1110 GMT: Joke of the Day. An EA correspondent has pointed out the feature from the blog Persian Letters on post-election humour in Iran but, in my opinion, the best joke came from a reader in the comments:

Q. How Many Basijis Does It Take To Change A Lightbulb?
A. None. The Basijis will sit in the dark and blame Israel and the USA.

0810 GMT: Latest on the battle over subsidy reform comes from "principlist" member of Parliament Mohammad Hossein Farhangi, who says the Government is obliged to act according to the vote of the Majlis.

0800 GMT: Rule of Law. Rah-e-Sabz tries to interpret what a meeting between the Supreme Leader and the head of Iran's judiciary, Sadegh Larijani, means for Iran's judicial procedure and sentencing.

Rah-e-Sabz also claims information on a strategy by the Revolutionary Guards to avoid exposure of human rights violations, including the effort to crack down on human rights organisations in Iran.

0655 GMT: Political Prisoner Watch. Children's rights activist Maryam Zia Mohaved has reportedly been released from Evin Prison after a 13-day hunger strike.

0645 GMT: We begin today with three Iran specials. Josh Shahryar thinks about the next steps for the Green Movement. R.K. Ramazani evaluates the best US strategy to deal with Iran's nuclear programme. And, after the arrest of underground rap artist Sasi Mankan, we post his April 2009 single "Karroubi".

Iran: Preventing Tehran from "Going Nuclear" (Ramazani)

R.K. Ramazani, one of the leading scholars on Iranian foreign policy, writes for the Charlottesville Daily Progress:

President Obama’s greetings to Iran on March 20 on the occasion of the Iranian New Year (Nowruz) rekindled the hope that the United States is still interested in settling its nuclear dispute with Iran through negotiations.

The hope for a new chapter in U.S.-Iran relations began on 1 October, when for the first time since the Iranian Revolution in 1979 the two countries engaged in direct negotiations over the nuclear issue at Geneva.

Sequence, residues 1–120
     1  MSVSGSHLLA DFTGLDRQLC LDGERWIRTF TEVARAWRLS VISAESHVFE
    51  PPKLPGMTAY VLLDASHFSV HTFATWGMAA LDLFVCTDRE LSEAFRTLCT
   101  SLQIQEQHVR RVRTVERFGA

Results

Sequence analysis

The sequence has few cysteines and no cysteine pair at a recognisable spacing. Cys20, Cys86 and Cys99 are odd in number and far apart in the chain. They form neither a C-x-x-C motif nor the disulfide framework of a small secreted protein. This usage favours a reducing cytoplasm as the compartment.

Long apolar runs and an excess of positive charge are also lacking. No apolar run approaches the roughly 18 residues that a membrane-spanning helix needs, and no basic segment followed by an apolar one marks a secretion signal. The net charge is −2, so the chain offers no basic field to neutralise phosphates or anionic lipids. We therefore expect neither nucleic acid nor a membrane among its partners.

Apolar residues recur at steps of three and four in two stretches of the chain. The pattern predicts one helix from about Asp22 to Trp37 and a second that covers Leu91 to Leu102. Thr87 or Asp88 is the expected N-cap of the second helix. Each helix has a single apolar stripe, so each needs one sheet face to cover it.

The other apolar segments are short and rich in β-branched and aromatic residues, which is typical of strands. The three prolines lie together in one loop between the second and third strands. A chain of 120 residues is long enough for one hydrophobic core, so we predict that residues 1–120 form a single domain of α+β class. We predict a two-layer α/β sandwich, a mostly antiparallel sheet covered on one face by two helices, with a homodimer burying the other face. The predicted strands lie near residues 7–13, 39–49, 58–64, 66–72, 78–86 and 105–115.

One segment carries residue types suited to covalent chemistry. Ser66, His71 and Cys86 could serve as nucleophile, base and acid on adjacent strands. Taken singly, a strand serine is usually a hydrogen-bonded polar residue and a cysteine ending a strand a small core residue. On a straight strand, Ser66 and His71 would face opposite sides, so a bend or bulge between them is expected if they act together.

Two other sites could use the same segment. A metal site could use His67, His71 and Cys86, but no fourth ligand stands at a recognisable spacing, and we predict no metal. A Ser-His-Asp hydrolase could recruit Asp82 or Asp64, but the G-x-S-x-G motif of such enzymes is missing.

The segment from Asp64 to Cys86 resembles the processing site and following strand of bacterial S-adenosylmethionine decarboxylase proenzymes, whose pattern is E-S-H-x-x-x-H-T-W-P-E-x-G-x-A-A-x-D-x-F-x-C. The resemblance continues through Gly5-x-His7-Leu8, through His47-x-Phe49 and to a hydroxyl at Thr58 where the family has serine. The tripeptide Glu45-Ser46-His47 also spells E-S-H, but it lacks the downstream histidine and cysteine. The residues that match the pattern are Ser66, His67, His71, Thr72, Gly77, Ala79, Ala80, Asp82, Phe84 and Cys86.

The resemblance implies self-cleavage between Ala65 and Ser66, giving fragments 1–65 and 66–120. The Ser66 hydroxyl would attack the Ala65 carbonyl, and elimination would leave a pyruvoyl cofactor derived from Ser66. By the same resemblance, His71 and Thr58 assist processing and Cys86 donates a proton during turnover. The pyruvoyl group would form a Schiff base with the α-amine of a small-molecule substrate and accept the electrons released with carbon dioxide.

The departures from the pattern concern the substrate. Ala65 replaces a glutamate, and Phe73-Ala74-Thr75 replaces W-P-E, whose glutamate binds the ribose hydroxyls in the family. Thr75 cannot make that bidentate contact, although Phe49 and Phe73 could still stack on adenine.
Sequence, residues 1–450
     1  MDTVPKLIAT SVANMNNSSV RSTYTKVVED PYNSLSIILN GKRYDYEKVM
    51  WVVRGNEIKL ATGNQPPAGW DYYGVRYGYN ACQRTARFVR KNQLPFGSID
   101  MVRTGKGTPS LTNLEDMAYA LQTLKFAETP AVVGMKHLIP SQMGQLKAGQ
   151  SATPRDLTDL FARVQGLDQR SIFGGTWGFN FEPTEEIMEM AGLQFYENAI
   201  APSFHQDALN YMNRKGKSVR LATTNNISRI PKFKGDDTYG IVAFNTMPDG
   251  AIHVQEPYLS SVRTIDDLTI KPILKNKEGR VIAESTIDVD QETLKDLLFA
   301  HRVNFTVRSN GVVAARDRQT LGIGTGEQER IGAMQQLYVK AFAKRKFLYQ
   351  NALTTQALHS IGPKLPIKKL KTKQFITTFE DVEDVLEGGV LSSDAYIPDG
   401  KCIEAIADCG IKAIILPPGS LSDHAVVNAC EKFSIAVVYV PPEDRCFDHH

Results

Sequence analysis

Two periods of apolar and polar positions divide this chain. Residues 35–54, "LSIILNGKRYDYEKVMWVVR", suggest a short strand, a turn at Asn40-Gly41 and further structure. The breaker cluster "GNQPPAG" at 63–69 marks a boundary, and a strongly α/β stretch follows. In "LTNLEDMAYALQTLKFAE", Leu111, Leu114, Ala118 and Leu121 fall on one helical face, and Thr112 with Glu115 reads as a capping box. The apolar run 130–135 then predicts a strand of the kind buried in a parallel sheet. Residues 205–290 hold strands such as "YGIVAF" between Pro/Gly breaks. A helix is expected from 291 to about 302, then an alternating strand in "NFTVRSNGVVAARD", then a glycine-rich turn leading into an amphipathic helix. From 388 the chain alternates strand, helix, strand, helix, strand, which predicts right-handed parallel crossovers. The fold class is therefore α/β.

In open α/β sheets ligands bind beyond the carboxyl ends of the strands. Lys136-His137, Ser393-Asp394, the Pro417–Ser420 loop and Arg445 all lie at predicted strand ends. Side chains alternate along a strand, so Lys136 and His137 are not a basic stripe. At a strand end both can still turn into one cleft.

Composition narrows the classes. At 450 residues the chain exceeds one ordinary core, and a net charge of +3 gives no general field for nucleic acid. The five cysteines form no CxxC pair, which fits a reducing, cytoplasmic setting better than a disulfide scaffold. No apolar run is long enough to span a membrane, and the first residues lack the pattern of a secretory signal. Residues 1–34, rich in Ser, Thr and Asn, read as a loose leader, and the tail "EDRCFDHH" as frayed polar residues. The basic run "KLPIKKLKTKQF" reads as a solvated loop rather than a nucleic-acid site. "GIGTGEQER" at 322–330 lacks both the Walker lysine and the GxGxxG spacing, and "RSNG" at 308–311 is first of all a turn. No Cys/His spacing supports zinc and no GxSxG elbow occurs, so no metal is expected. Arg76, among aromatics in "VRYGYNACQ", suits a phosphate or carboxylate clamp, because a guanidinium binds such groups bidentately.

Iran’s Nukes: False Alarm Journalism (Sick)
UPDATED Iran’s Nukes: The Dangerous News of The New York Times

Alas, three major factors subsequently dampened that hope and increased the tensions between the two countries. First, Iran and the United States disagreed on the amount of Iranian enriched uranium to be shipped to Russia and France for further processing in return for 20 percent enriched uranium needed by Iran for medical purposes. Second, Iran proceeded to enrich uranium to that level on its own.

Third, as seen from Washington, the crisis that followed Iran’s presidential election of 12 June caused Tehran to send mixed messages to Washington because of the rift in the ranks of the Iranian religious and political elites.

Obama’s New Year message, however, is more than a restatement of his commitment to engaging Iran. It posed a serious question to Iran for the first time. He asked Iranian leaders: “We know what you are against, now tell us what you’re for."

The President claimed that Iranian leaders were “unable to answer that question” because Iran had refused to accept fully the International Atomic Energy Agency-brokered proposal of October 2009 on the nuclear issue. Despite media misrepresentation, Iran had not rejected the proposal. It had made a counterproposal, which the United States refused to accept.

To address the President’s question, Iran’s nuclear program must be placed in the context of Iran’s principle foreign policy goals because Iran’s nuclear program is meant to serve these goals.

The first goal is to protect Iran’s political independence and to defend its national security against any foreign attack. The second goal is to project Iran’s influence in the Middle East. Global powers such as the United States seek to create an international environment favorable to their national interest, while medium powers like Iran try to make their regional environment safe.